The slow progress of Swift

Warning This article was written over six months ago, and may contain outdated information.

The developer of Swift, the browser that was set to be the first native to Windows to use the WebKit rendering engine, has announced that development with WebKit is to be halted as the Windows port is unstable, and future versions will be based on Mozilla’s Gecko engine until WebKit stabilises, at which point Swift will switch back to it.

So I have to ask: what will Swift bring to the table without WebKit? We already have a bunch of Gecko‐based browsers, and we have no information about what features Swift will implement.

I was pretty enthused when Swift was announced; even if it just had basic functionality, the fact that it was based on WebKit was pretty exciting. But as we’ve seen just two rudimentary pre‐Alpha releases in almost 10 months, and no roadmap or project information is available on the website, this is turning into vapourware for me.

1 comment on
“The slow progress of Swift”

  1. Hello.

    I noticed a link‐back on my blog to this site. To be very honest, yes, the development is going very slow, with school/2 jobs, and exploring options on where I can take this.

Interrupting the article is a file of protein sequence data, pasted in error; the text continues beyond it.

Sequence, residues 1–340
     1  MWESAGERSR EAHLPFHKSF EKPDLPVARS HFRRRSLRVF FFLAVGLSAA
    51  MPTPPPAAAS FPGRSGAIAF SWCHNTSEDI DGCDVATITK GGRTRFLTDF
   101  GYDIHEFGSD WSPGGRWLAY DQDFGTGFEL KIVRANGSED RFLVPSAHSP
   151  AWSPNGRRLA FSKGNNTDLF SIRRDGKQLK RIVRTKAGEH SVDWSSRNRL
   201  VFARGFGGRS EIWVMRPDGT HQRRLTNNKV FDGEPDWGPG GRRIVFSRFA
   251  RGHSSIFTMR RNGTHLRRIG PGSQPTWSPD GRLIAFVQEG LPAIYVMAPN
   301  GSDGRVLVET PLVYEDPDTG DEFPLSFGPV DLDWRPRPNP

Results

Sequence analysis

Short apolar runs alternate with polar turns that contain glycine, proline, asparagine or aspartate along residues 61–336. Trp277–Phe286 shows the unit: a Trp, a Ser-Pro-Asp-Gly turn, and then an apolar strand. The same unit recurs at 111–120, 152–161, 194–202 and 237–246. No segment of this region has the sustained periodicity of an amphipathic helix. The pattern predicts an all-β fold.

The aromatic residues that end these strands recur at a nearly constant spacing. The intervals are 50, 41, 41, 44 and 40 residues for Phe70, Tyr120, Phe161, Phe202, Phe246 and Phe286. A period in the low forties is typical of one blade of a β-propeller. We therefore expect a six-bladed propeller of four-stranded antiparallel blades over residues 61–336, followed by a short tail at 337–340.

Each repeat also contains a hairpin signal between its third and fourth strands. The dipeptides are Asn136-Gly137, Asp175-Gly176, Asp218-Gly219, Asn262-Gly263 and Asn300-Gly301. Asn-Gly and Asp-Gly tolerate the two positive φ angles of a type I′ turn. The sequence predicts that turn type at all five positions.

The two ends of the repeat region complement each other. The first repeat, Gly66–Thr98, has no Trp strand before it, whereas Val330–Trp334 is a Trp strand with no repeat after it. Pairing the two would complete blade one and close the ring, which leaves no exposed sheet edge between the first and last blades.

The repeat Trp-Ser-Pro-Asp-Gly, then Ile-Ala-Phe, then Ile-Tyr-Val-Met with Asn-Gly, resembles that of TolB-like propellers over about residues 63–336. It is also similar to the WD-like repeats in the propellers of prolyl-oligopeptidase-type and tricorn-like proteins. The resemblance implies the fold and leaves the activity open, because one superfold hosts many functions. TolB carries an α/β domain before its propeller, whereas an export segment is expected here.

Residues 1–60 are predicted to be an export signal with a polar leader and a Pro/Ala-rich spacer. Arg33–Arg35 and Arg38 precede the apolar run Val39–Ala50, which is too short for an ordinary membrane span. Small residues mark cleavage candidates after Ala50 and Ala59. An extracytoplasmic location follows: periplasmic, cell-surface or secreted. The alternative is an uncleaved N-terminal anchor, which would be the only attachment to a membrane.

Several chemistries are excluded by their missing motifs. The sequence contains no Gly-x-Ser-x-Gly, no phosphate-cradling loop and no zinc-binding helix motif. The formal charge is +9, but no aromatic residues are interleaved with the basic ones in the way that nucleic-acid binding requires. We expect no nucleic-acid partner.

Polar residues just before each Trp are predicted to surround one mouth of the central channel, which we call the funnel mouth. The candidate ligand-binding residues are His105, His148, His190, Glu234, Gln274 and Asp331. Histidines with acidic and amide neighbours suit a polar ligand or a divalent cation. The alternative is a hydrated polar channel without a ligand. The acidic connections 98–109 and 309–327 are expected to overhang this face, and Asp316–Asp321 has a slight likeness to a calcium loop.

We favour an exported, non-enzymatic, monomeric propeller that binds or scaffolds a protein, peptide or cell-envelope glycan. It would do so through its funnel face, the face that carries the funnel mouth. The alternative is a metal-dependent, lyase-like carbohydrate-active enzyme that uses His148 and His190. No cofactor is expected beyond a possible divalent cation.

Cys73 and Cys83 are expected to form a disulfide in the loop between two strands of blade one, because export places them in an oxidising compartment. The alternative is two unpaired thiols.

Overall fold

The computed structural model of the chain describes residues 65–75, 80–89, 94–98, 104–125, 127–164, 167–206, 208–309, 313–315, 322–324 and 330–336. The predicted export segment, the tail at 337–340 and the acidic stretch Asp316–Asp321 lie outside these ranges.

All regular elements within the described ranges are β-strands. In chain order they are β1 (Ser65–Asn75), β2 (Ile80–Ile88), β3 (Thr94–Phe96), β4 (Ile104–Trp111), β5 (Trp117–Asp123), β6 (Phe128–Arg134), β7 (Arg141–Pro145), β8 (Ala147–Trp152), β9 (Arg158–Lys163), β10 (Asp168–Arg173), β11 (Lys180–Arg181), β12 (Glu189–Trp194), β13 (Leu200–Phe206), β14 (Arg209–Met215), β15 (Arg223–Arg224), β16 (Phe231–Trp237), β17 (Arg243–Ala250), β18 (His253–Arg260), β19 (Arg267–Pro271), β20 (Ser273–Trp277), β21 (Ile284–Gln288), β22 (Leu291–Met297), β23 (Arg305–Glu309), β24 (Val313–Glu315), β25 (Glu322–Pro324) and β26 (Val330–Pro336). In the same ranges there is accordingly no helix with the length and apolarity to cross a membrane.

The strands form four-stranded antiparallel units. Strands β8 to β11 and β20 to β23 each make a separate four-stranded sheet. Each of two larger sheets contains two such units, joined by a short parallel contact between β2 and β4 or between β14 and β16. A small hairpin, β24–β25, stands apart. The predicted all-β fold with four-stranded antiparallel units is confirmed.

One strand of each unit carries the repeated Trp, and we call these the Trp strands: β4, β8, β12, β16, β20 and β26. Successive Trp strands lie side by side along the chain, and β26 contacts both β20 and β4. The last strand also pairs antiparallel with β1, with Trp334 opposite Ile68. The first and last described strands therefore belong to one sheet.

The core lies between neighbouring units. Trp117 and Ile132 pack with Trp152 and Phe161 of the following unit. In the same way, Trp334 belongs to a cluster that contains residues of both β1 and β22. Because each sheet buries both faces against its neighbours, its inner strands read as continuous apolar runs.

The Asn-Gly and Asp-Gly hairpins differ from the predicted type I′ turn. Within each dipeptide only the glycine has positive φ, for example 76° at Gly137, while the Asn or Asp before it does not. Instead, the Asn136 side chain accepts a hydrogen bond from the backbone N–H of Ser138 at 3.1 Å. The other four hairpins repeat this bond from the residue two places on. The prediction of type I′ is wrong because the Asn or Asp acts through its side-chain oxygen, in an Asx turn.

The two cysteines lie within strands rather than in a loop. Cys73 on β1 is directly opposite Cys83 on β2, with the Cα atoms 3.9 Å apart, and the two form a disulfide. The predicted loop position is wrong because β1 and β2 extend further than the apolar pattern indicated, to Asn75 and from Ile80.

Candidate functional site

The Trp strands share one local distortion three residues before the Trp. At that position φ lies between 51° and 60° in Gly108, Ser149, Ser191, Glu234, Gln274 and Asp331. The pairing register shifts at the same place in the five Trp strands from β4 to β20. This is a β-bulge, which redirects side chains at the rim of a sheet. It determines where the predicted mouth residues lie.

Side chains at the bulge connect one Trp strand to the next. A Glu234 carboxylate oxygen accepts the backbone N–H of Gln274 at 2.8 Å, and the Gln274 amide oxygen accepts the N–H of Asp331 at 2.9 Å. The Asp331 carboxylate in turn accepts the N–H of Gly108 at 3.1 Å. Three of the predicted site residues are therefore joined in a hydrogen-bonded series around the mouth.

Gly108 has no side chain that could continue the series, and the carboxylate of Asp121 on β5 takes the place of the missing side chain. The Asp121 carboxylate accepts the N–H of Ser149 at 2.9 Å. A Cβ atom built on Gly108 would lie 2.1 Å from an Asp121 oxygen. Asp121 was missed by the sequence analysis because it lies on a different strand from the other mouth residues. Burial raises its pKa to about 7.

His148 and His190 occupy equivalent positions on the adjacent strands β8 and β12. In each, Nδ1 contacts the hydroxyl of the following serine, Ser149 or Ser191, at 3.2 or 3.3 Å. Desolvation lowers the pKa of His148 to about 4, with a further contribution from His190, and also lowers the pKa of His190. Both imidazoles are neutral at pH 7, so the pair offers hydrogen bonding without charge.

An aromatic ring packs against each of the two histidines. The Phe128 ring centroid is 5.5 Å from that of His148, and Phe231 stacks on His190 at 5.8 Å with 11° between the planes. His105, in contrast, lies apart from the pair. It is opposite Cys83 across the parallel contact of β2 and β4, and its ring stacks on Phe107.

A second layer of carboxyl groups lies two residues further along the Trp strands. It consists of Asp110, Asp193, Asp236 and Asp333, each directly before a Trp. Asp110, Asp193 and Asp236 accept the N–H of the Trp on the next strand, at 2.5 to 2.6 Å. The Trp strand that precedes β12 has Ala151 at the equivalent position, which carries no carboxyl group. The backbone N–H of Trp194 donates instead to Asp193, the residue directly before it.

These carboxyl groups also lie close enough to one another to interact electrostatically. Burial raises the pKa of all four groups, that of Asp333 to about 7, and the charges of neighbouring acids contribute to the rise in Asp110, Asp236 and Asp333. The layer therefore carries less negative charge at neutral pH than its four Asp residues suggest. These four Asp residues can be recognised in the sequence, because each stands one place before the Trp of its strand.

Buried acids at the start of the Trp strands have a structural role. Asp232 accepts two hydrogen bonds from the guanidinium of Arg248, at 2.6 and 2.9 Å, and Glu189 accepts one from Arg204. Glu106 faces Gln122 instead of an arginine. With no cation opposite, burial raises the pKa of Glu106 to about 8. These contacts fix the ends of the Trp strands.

Now, a guy who I never knew before, had added me on MSN, talked a bit, and presented me to a link on Adobe’s SVN. From what little I know about Adobe and their Open‐Source projects, they have a version of WebKit in their SVN (that works, lol) mixed in with some of their Apollo code. (Named ApolloWebKit).

    I still want to have a gecko version, so I can explore what new innovative features can be added to Swift, but there will always remain a WebKit version, and it should be more up to date soon with the findings of Adobe’s Apollo WebKit.

    The whole point of Swift was to be a proof of concept that WebKit can run on Windows and there would be a basic browser around it. A guy I know (By the nick of TechHut/Bash) digged my site and it’s turned into pretty much an internet phenonemum.

    Swift will always have a WebKit version, even if the win32 WebKit dev is slow. Apple no longer maintians the port, and if I can find some C++ developers, I would like to maintian a port myself (I’m not very good in C++, hence the switch to .net, which i’m awesome in.)

    Please bear with us, I want a final release of Swift as much as any other fan of the browser. It will take time, but despite being slow, it WILL get done.

    If anyone has the need to contact the developer (I love e‐mails, I really do, honestly) feel free to send e‐mail to chris -at‐

    If you would like to talk in IRC, feel free to stop in #Zimmy and discuss Swift in my channel.